My first contact with the term “mental health” occurred when I was nineteen. As a rookie cop, I was bombarded with a welter of legislation – after all, I had to know roughly what I was arresting someone for. Part of this legal lexicon was the Mental Health Act that allowed us sensible servants of the monarch to detain anyone who was barmy. Mental health was – I am ashamed to say – considered by me and many of my peers as an abstract occurrence that only happened to others. How wrong I was, as at this precise moment I developed a mental health issue of my own ─ anxiety; perhaps one of the mildest forms, but nonetheless a debilitating condition that had its roots within my initial police training.
Sitting at the front of the class, the lesson that afternoon connected with the Misuse of Drugs Act. The trainer popped a video into the player and the monitor sparked into life showing an outstretched arm. A sudden and unexpected swoop of the other arm ─ with a clenched fist ─ and blood erupted everywhere as the needle was rammed into the addict’s own upper limb. In those days police training wasn’t subtle. Why bother when a metaphorical cricket bat across the back of the head would suffice? How many sensitive souls who would have been incredible, caring, police officers left the service as a direct result of this type of emotional assault is open to conjecture. However, I managed to hang on – just; although I was damaged, and for decades later I had a disabling fear of having blood taken from my arm ─ to be specific, from the antecubital fossa ─ more commonly referred to as the opposite bit to your elbow, where the upper arm and forearm are levered together.
I shared this fear with very few people; some denounced me as some kind of drama queen ─ offering what they believed to be an easy solution. Rest assured, if simply getting a grip was all that was required, I would have done so long ago; but I endured fainting spells and almost biting a finger off as blood was taken from my clenched fist ─ while I lay down in dramatic fashion – my way of dealing with the trauma. I actively avoided any situation that engaged with the process; this became my reality. Blood tests became more frequent when I was diagnosed with type II diabetes, yet still the fear didn’t subside. Upon successfully reversing the self-inflicted lifestyle condition by taking responsibility for my own weight management, I thought that the monitoring would lessen. It didn’t. The checks continued, and that meant more blood tests.
Then I met Eadie; the only nurse in the whole universe who could, almost effortlessly, take a blood sample from me, via my unique and unusual method ─ whilst I looked in the opposite direction. Disaster struck when the pandemic separated me from my shielding Florence Nightingale. A different nurse laid the pillow out on the table in front of me and I nearly passed out. I had no choice but to rather sheepishly admit that needles scare the shit out of me; more accurately, needles that come anywhere near that particular region of my arm. Somewhat surprisingly, I was OK with other needles, such as my COVID-19 jabs. I told her that I needed to get a hold of myself. She patiently explained that phobias are as real as the imagination allows them to be, and that they are the most common type of anxiety disorder. More importantly, she offered help in the form of Cognitive Behavioural Therapy, more commonly referred to as CBT.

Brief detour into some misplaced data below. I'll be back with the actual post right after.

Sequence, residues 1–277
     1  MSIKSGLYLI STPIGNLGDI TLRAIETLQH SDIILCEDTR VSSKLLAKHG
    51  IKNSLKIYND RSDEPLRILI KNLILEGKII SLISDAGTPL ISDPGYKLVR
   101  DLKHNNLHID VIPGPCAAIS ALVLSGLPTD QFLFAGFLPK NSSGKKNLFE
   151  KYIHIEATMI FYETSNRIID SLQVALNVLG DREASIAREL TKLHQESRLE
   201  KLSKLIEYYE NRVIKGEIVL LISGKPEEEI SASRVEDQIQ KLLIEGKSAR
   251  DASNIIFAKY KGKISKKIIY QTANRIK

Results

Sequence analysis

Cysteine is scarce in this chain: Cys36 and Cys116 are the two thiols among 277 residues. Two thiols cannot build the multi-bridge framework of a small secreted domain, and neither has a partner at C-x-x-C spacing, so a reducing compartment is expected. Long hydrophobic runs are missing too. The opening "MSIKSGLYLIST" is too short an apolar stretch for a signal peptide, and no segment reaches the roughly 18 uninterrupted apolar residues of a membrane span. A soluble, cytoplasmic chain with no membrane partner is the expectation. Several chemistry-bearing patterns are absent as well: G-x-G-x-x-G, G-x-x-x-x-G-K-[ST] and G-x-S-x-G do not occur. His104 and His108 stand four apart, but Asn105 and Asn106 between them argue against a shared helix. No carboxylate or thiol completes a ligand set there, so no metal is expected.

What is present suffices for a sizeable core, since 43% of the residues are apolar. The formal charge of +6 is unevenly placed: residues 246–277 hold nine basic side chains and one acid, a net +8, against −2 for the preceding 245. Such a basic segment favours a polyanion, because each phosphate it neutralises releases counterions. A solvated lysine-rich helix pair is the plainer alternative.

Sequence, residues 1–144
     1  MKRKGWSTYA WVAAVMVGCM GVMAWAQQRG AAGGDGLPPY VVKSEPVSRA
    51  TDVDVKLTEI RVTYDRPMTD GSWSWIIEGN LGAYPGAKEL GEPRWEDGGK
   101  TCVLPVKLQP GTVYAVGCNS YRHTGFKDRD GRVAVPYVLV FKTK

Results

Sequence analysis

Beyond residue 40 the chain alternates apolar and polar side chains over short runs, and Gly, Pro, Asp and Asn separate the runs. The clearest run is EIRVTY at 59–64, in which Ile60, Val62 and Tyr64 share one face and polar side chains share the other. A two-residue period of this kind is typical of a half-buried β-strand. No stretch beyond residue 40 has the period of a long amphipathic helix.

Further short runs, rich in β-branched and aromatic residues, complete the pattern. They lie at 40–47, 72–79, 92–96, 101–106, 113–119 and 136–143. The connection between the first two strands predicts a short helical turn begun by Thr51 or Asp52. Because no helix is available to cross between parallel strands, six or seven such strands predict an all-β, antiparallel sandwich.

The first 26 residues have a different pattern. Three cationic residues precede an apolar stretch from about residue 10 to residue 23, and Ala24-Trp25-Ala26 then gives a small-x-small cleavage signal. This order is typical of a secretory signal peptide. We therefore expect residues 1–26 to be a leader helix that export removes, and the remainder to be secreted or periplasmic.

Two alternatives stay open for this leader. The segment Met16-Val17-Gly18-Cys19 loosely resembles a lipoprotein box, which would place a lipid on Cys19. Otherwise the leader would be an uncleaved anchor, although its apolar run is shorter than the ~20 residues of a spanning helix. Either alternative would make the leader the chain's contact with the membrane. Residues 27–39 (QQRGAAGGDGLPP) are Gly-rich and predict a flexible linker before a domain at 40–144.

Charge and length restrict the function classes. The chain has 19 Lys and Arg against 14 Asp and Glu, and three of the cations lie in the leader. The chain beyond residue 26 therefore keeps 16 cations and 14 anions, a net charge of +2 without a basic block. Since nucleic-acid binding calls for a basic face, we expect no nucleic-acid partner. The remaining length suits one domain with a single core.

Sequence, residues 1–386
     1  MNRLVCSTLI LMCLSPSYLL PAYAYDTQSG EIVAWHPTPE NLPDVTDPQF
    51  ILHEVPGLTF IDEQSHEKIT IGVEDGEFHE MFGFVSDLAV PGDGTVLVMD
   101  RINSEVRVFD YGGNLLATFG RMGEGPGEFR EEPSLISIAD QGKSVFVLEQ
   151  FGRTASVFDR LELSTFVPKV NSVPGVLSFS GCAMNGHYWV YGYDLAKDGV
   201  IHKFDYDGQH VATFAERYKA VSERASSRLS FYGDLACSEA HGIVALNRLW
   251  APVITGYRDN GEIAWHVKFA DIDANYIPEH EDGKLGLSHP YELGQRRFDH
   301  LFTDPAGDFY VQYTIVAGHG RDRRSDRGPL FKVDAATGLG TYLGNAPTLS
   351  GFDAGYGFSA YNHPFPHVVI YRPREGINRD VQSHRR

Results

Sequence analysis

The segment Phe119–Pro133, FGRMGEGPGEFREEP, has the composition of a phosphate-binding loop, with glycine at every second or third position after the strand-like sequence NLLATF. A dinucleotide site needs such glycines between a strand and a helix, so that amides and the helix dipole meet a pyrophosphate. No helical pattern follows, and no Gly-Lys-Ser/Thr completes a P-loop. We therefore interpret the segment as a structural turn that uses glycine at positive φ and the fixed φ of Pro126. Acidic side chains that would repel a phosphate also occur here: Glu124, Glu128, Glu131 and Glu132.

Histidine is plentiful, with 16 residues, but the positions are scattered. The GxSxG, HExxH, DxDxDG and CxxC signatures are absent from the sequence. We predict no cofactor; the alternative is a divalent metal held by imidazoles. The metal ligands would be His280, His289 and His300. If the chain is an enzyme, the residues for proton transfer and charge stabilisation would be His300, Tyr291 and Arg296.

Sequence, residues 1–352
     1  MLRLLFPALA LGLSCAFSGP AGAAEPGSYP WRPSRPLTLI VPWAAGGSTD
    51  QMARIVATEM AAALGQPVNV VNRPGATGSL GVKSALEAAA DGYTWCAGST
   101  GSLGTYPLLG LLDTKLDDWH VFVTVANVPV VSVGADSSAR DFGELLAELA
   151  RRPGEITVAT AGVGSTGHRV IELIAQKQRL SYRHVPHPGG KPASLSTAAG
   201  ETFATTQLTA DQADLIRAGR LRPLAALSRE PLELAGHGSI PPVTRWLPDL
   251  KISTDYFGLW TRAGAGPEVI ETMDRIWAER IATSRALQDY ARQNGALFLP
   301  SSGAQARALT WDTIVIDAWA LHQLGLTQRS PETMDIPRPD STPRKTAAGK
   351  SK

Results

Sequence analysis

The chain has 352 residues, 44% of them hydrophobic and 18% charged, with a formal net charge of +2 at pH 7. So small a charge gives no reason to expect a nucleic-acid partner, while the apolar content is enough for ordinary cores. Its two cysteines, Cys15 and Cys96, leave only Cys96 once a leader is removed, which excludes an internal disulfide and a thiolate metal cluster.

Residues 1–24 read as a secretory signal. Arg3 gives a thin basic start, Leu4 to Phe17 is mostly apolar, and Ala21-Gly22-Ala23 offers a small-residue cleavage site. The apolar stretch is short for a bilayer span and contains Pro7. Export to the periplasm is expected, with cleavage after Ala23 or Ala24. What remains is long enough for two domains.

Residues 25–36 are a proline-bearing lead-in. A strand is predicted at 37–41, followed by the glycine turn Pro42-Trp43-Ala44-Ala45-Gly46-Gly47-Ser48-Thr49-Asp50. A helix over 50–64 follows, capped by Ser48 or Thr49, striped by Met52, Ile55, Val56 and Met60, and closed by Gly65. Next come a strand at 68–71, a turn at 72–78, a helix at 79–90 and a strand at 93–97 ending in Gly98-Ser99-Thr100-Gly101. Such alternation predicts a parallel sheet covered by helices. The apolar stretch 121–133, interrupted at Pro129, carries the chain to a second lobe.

Following a series of online sessions, and acclimatizing to the once terrifying agents of fear, including the needle itself which I had framed in my head as a dagger, I did it! I had blood taken from my arm and didn’t even feel the scratch! But, having slayed this particular dragon, I acknowledge that anxiety is a feature of my persona, even if my outward appearance and usual cocksure and confident demeanor in most other parts of my life often seem to contradict this position. This is an ongoing journey for me, but one that has nonetheless convinced me of one important observation: we are all nuts, and the only thing that’s different in each and every one of us is where we sit on that continuum of craziness. I may presently occupy one of the lower rungs, but things can change. Mental health is fluid and I sincerely believe that we need to talk about it more openly. In my quest to do so, I had to be cautious since the issue is still shrouded in stigma and shares a perverse counterbalance with physical illness. If someone breaks an arm its easy to see and understand, and, perhaps, to make adjustments in how we interact with them; holding a door open, or pulling back the ring from a can of drink might be helpful. When someone breaks their mental health, it is far more difficult to detect, since we humans are great at faking it.
I was reassured to discover that the World Health Organisation appears to support my claim that we are all nuts, by proclaiming, “There is no health without mental health.” This claim makes total sense since everybody has mental health as well as health. They coexist, and often the pendulum oscillates between the two states. To further prove the point, it is comforting to note that many famous people have had their own mental health stories; Ludwig van Beethoven was bipolar, whilst Napoleon Bonaparte bore a narcissistic personality disorder. Sir Winston Churchill was hounded by his ‘black dog’ of depression, whereas Princess Diana suffered postnatal depression. In more contemporary times, Mariah Carey is bipolar, Justin Bieber has bouts of depression, and Leonardo DiCaprio has obsessive-compulsive disorder. Although these disclosures compounded my base belief, I sought a personal account to either compliment or confront my own hypothesis. Spending time with Madison metaphorically blew my mind.